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Buying a used travel trailer or fifthwheel

Buying a used travel trailer or fifth wheel can be a tricky process.  The following is a list of things you need to look for, in priority order.

1.  Can your truck pull the trailer in terms of weight?

New or used, your first attention must be to a trailer's weight versus the vehicle you plan to tow with.  If you already have the tow vehicle, you are constrained by its safe towing capability. If you plan to purchase a vehicle for towing, you need to consider the budget for the vehicle and how much capacity you can buy within that budget

Use the trailer's gross vehicle weight rating (GVWR) from the DOT plate on the trailer which is usually on the side wall on the driver's side at the front.   The trucks tow ratings can be found in the Trailer Life tables by clicking HERE.  Provide a safety factor by discounting the ratings 10% to allow for things like truck passengers or cargo.

If your tow vehicle is powered by a gasoline engine bump that safety factor up to  20% if you plan on towing in the Mountain or Pacific West.  Normally aspirated engines lose 3% of rated HP for each 1,000 feet above sea level.  For example, an engine operated at Flagstaff, AZ has only 79% of its rated HP unless it is super/turbo-charge.  Gasoline engines rarely are supercharged.  Modern diesels are always turbo-charged and can ignore the 20%.

Do not trust a salesman when he assures you your vehicle will tow the trailer OK - they always say that and almost never actually check the specs for your vehicle.  On this item you need to do your own research.

2.   Problems with roof, frame, and of siding.

OK, now inspect the RV itself.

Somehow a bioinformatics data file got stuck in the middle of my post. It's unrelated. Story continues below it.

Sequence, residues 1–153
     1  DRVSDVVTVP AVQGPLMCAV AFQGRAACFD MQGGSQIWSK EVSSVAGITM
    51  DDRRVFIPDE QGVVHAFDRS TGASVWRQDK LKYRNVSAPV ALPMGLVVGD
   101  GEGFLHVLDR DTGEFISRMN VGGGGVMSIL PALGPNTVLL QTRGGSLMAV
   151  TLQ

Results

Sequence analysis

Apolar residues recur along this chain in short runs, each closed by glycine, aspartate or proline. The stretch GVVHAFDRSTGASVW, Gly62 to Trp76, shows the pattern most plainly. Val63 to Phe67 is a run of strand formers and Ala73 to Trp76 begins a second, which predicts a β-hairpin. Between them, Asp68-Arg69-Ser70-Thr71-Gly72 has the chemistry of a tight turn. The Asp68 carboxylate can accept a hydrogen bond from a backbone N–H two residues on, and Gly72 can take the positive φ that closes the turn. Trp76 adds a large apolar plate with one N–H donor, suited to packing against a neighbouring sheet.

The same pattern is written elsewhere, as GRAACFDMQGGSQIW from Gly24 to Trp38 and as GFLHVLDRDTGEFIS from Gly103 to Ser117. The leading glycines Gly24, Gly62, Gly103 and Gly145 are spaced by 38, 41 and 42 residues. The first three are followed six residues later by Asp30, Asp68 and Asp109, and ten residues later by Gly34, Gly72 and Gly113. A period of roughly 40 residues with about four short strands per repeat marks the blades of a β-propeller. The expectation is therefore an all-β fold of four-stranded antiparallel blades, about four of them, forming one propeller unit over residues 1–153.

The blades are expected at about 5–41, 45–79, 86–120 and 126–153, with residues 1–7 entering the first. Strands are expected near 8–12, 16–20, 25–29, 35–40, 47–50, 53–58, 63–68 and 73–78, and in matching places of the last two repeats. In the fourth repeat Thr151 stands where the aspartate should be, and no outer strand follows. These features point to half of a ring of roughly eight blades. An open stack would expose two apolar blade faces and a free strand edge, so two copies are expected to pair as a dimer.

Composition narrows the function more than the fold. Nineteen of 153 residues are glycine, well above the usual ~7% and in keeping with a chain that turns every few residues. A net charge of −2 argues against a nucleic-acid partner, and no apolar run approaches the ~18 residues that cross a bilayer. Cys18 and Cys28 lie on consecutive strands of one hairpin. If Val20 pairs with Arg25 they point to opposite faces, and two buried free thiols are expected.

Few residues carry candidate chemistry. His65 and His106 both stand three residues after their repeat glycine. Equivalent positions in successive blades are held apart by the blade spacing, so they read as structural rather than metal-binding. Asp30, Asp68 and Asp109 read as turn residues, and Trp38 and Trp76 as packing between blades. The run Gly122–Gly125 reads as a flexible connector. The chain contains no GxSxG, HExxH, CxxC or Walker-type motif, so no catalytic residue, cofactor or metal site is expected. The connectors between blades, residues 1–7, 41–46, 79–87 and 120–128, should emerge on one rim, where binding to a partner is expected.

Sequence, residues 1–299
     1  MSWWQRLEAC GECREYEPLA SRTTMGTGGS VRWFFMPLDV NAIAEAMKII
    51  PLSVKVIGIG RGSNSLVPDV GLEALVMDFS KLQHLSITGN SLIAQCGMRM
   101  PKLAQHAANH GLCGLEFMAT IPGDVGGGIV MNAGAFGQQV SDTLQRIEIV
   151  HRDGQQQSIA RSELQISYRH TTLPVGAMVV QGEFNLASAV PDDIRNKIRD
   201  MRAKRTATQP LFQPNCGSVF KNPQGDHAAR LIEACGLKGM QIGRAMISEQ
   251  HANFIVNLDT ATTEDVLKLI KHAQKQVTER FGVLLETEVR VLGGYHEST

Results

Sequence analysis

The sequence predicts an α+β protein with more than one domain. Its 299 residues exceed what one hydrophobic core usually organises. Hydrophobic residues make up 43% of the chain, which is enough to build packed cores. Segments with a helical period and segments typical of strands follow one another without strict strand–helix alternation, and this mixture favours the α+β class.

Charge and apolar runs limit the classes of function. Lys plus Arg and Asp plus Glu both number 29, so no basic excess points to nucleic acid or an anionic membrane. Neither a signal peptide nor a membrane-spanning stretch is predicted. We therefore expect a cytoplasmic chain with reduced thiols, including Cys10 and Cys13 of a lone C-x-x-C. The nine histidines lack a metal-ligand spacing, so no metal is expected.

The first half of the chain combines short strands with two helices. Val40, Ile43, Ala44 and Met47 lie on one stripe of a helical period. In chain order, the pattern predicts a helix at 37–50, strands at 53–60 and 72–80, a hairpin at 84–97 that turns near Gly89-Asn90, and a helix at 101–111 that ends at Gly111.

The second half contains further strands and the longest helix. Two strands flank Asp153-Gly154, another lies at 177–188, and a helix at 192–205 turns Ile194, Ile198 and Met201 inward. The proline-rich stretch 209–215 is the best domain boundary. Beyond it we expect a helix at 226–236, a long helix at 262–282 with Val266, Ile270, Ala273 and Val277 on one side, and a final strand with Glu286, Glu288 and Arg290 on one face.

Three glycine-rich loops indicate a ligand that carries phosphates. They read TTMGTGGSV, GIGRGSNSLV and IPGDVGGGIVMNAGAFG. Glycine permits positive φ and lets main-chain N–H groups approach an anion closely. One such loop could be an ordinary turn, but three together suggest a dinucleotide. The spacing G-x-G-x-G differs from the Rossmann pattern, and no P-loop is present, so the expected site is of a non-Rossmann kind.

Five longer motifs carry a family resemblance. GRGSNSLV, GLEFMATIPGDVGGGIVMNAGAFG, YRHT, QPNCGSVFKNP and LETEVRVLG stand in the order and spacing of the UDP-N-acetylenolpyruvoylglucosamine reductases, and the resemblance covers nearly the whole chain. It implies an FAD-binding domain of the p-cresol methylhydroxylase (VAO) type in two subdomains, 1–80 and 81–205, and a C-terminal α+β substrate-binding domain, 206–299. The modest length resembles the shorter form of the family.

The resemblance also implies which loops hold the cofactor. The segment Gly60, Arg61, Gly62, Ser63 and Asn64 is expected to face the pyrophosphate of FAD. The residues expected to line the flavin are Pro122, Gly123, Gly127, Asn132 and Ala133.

First look for any signs of water leaks, inside and out.  Look for signs of leakage or water damage in the interior including soft spots in the floor and water stains on the walls.  Check the loose or rippled wallpaper or paneling, especially below windows and near the floor (water runs down inside the walls) and for stains on the ceiling.

Look for delamination of sidewalls.  Look at the trailer front on to see that it sits squarely on its chassis frame – no leaning.

3.  Floorplan.

An obvious factor to be considered is floor plan - the trailer has to be one you can like and will be sufficient for your needs.  That's a hard question for your first RV, since you don't really know what your needs will be, but try to imagine it.  Do you need a roomy bathroom or will a cubby hole do?  (Sit on the throne to see if workable for you in terms of space and knee room.)  Is a long, hot shower a necessity of life?  Will you be cooking outside on a grill or mostly in the galley?  Where will your dishes and pot & pans go?  How many cabinets and drawers will each of you need for clothing, shoes, and such.  What about recreational gear, e.g. lawn chairs, bikes, golf clubs, fishing tackle or whatever?

There are two primary uses for a trailer, or any RV for that matter.   One is vacation use:  several times a year with no more than a month or so.  The trailer is a cabin in the woods or a cottage at the beach.  It will not be your new home.   For this purpose, the trailer can be lighter and smaller as you will not be spending much time in it.  Another use is full time use:  you intend to use the things for months and months at a stretch or to replace a home of bricks and sticks.   Such trailers need more space, more storage, and heavier more durable construction.

Full timing may include cold weather use.   These trailers need enclosed and heated underbellies, double, thermal pane windows, and heavy insulation.

4.  Age of tires.